During the height of the COVID-19 pandemic, many parents — weary of playing cards, puzzles, and board games — were desperate for something to keep kids active and entertained.
Enter kids’ kits. Consumer transaction data reveals that sales of education- and play-based kids' subscription boxes increased 123% year-over-year in 2020, according to Bloomberg Second Measure.
KiwiCo, Lovevery, and Little Passports are among the most well-known kids’ kits and all three have spent millions on digital ads during COVID-19, so we took a look at how these brands pivoted their ad spend throughout the pandemic and how their strategies compare to one another.
KiwiCo wants shoppers to give the gift of learning
While ad spend for all three kids’ kits increased during the pandemic, KiwiCo had the highest spending during this time period at $23.9M, making up 57% of the total spend volume. By comparison, Lovevery spent $11.2M and Little Passports spent $6.8M. This makes sense given that KiwiCo is the largest of these brands in terms of total sales. KiwiCo devoted the largest portion of its budget to desktop video ads (48%), followed by Facebook (31%) and Instagram (18%).
When schools transitioned to virtual learning in March, KiwiCo started ramping up digital ad spend to promote its STEM- and STEAM-based enrichment kits, jumping from $206K in February to $1.7M in May. Spending tapered off as the school year came to a close and declined throughout the summer, before skyrocketing to $5.5M in November. The holidays tend to be a time of peak customer acquisition for kids’ kits, so it makes sense to see KiwiCo promoting its subscription boxes as gifts. Even with the post-holiday slump, spending remained above pre-pandemic levels in January 2021 before shooting up again in February and March and tapering off headed into summer.
Lovevery keeps babies busy during the pandemic
Looking at spending trends, Lovevery was slower to roll out digital ads than KiwiCo. This disparity may have a lot to do with each brand’s target market: Whereas KiwiCo offers subscription boxes for kids of all ages, Lovevery caters only to babies and toddlers, whose routines were simply not as affected by school closures early in the pandemic.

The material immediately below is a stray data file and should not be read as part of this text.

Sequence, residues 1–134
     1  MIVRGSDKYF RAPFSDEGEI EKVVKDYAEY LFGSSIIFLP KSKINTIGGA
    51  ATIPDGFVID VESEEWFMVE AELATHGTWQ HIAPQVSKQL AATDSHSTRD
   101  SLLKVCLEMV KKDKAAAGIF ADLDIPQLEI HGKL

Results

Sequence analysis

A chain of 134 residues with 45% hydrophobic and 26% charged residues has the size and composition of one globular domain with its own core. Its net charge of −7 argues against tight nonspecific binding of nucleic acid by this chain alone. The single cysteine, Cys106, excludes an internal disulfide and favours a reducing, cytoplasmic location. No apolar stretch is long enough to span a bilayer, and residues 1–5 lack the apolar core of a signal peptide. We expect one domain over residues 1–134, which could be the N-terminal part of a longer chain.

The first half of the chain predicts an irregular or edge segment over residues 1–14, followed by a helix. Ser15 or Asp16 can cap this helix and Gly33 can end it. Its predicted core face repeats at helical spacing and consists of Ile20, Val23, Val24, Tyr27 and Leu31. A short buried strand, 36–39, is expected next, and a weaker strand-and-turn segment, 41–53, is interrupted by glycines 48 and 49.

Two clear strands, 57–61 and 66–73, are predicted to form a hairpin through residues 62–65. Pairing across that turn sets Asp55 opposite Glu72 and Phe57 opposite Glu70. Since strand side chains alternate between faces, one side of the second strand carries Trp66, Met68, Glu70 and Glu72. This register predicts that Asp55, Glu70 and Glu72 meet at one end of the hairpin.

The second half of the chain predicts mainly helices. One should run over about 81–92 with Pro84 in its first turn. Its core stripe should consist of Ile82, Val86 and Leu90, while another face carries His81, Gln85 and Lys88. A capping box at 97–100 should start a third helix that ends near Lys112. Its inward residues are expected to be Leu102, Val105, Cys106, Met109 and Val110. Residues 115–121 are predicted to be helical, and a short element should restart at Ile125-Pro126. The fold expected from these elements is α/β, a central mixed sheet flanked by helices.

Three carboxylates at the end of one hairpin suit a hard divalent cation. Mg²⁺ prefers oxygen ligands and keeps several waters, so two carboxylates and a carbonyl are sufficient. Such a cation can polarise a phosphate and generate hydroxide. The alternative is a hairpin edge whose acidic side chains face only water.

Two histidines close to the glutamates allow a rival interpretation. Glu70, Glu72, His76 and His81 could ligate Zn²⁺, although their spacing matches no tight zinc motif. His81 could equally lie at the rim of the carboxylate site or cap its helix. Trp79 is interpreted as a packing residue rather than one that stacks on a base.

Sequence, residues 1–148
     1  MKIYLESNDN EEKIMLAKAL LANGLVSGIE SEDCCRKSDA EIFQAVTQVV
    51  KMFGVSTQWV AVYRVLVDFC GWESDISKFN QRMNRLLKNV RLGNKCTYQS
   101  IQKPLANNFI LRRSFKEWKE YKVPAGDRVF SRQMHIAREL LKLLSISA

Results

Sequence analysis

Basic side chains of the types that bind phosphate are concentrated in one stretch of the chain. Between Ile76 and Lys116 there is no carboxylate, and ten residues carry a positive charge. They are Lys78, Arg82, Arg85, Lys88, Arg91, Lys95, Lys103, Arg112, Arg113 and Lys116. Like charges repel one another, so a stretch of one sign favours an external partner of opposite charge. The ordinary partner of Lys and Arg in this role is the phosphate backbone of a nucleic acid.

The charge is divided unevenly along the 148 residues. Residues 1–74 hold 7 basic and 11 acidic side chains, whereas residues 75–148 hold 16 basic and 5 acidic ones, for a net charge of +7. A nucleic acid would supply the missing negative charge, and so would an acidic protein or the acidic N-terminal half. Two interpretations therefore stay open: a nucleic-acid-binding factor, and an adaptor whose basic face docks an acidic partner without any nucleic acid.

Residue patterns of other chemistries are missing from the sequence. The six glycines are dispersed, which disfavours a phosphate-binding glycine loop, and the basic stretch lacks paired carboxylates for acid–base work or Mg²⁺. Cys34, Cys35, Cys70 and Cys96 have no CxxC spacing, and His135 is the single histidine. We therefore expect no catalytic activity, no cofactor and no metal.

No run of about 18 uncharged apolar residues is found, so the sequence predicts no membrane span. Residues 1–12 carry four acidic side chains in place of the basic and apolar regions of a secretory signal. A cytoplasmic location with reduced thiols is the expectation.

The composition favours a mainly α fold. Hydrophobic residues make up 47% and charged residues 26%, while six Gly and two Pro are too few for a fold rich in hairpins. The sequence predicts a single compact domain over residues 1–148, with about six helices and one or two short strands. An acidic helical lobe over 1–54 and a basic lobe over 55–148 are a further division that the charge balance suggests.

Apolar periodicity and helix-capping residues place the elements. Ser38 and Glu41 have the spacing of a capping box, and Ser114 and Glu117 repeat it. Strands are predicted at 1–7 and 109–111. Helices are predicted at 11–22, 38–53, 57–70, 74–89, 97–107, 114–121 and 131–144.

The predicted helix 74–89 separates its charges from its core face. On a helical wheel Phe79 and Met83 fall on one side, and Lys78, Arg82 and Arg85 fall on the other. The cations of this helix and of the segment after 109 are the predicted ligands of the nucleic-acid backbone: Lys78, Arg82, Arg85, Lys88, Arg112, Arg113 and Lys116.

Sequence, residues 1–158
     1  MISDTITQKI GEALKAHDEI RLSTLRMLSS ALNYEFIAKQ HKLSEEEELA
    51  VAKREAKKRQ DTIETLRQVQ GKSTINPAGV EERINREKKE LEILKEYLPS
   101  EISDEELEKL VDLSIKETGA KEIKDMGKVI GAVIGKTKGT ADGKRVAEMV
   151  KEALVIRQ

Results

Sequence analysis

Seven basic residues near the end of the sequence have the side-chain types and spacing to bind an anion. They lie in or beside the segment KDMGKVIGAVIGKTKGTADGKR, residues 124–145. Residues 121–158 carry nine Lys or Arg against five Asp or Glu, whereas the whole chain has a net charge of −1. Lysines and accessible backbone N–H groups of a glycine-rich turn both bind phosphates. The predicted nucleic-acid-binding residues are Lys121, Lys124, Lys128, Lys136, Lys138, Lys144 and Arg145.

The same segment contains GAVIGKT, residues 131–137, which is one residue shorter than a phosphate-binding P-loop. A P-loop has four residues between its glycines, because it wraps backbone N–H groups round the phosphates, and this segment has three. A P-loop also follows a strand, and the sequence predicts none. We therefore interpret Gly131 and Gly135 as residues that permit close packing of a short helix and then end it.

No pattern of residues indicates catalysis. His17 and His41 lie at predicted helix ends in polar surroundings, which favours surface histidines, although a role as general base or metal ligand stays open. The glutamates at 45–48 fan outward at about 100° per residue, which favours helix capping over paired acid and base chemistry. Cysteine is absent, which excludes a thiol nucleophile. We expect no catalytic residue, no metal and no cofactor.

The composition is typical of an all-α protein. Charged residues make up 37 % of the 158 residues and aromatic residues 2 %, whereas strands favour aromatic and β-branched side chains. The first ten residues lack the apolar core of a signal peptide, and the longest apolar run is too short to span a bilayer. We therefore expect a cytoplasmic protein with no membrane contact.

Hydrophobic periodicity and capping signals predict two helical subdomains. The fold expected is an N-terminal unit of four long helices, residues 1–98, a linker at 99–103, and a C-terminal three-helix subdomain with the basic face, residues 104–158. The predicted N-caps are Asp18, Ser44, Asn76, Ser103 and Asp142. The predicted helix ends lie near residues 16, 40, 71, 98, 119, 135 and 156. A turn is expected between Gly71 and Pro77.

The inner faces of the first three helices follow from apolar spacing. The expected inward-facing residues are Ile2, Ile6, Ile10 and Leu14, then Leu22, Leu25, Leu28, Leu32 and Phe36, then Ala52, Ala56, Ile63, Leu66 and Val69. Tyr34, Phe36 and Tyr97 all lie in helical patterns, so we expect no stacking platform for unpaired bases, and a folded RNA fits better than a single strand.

Lovevery started advertising on Facebook, desktop display, and desktop video in April, adding Instagram ads in May. Ad spend grew slowly but steadily throughout the summer. In September, Lovevery continued advertising on Facebook but shifted a larger portion of its budget toward desktop video ads. Considering that this push coincides with back-to-school season, it looks like Lovevery is counting on parents looking for a way to keep younger siblings occupied (and out of the way) during another year of virtual learning.
Unlike KiwiCo, Lovevery’s spend leveled off around the holidays and continued to grow in early 2021, reaching a peak of $1.1M in March. Lovevery’s top creatives during this time period reflect growing concerns around screen time as the pandemic drags on. Overall, Lovevery ended spending half its budget on Facebook ads, with another 34% on desktop video, 13% on Instagram, and 4% on desktop display.
Little Passports targets moms & dads with Facebook ads
While both KiwiCo and Lovevery allocated significant capital toward desktop video, Little Passports went the opposite direction and barely ran YouTube ads (1%). Instead, it invested heavily in Facebook ads (87%) to promote its travel-themed monthly subscription boxes. Its top creatives highlighted indoor activities like geography lessons, science projects, and board games.
Ad spend for Little Passports shot up from $113K in February to $857K in April but declined throughout the summer, returning to pre-pandemic levels in August ($179K). Like KiwiCo, Little Passports hit a spending peak in November ($1.3M), running several holiday-themed ads for gift subscriptions, before tapering off heading into the New Year.
Unlike KiwiCo and Lovevery, though, LittlePassports’ spending continued to decline in early 2021, once again returning to pre-pandemic levels. Perhaps as more families are returning to traveling, there’s less demand for its adventures-in-a-box. Don’t count Little Passports out just yet, though: The brand has also been pushing its STEM-based Summer Camp in a Box, which provides enrichment activities whether families are staying home or hitting the road.
With summer in full swing and kids 12 and older eligible for vaccines, new options are opening up for families around the country. So will kids’ kits still be a hit once we can venture out again? Or will they be tossed aside like other trendy toys? Only time will tell, but we’ll stay tuned to Pathmatics Explorer to find out.
Both a creative and data-driven marketer, Randi has spent over a decade developing and building brand identity and driving go-to-market strategy for B2B SaaS companies. She earned her MBA from UC, Denver.